HODIE: ante diem decimum Kalendas Iunias, which marks the Roman festival of Tubilustrium. You can add a Roman calendar as a widget in your blog or webpage, or display it as a Google Calendar: here's how.
Heri Hodie Cras Podcast: Today's audio podcast is Latin Via Proverbs: Group 89, which features this great saying about sheep and wolves, metaphorically speaking: Incustoditum captat ovile lupus (When it is unguarded, the wolf raids the sheepfold).
You can get access to all the proverb of the day scripts (also available as random proverb scripts) at the SchoolhouseWidgets.com website.
Proverbiis Pipilo: You can see my Twitter feed of Latin proverbs which I "tweet" while I am online each day (in English, too). Here's one from today in honor of taking a drink once in a while: Aliud vinum, aliud ebrietas (English: Wine is one thing, drunkenness is another).
Audio Latin Proverb of the Day: Today's audio Latin proverb is Optimus magister bonus liber (English: The best teacher is a good book). To read a brief essay about this proverb and to listen to the audio, visit the Latin Via Proverbs blog.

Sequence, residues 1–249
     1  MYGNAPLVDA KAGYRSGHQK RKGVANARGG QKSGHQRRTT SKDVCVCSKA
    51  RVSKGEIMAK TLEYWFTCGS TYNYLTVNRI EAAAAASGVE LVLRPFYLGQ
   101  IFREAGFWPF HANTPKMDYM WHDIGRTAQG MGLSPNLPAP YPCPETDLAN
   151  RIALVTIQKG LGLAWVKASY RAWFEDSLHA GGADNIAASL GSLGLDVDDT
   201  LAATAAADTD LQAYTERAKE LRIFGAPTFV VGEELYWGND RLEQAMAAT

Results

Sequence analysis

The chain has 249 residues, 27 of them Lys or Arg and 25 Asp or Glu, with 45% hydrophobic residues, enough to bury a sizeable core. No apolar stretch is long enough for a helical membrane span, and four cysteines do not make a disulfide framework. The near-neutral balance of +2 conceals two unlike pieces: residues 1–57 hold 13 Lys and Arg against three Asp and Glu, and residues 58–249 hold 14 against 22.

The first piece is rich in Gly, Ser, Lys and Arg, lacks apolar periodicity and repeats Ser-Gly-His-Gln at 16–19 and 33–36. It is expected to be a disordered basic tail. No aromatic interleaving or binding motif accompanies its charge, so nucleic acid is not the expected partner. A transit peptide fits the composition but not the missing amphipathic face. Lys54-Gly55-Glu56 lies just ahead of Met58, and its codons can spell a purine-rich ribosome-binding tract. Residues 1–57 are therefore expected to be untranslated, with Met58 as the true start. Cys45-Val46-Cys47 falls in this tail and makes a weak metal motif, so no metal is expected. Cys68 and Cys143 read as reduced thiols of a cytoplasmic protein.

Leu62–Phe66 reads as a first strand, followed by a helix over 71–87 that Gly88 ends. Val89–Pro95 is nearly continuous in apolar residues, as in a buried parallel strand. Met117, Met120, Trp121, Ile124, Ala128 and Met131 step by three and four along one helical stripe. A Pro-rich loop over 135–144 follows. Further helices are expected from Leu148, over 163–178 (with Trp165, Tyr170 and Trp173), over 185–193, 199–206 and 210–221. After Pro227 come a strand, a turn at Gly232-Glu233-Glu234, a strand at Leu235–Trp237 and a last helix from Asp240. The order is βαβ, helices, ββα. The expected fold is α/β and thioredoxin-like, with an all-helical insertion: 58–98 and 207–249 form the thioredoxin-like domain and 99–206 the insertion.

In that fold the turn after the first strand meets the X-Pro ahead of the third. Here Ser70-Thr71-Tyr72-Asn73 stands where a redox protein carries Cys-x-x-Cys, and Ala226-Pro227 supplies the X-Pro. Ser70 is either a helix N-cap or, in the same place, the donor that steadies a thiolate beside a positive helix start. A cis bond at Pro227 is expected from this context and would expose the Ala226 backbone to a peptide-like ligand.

Proverbium Perbreve of the Day: Today's two-word proverb is Mare exhauris (English: You're trying to drink the sea dry... one of those proverbially impossible tasks).
Proverbium Breve of the Day: Today's three-word proverb is Anxia divitiarum cura (English: Worrying about wealth brings frustration).
Vulgate Verse of the Day: Today's verse is Ambulate dum lucem habetis ut non tenebrae vos comprehendant (John 12:35). For a translation, check out the polyglot Bible, in English, Hebrew, Latin and Greek, at the Sacred Texts Archive online.
Latin Animal Proverb of the Day: Today's animal proverb is Horrescit gelidas felis adustus aquas (English: The cat who has been burned shudders even at ice-cold water... a variation on the idea of "once bitten, twice shy").
Proper Name Proverb of the Day: Today's proper name proverb is Flectere si nequeo superos, Acheronta movebo (English: If I cannot sway the gods, I will move Acheron itself - a famous saying adapted from Vergil's Aeneid).
Greek Proverb of the Day: Today's proverb is Τυφλοῦται περὶ τὸ φιλούμενον ὁ φιλῶν (English: Someone who is in love goes blind when it comes to the thing he loves - in other words, "love is blind"). If you look at the Greek Proverb of the Day widget, you'll see it comes with a Latin translation, too.
Florilegium Fabularum: I'm working my way, slowly but surely, through the amazing collection of fables by Irenaeus published in 1666. Today's fable is De Haedo et Lupo, the story of the young goat who wisely followed his mother's orders when she had to leave him at home alone. Here's an illustration for the fable (image source) from a 1479 edition of Aesop:
Aesop's Fables in Latin now available at Amazon.com.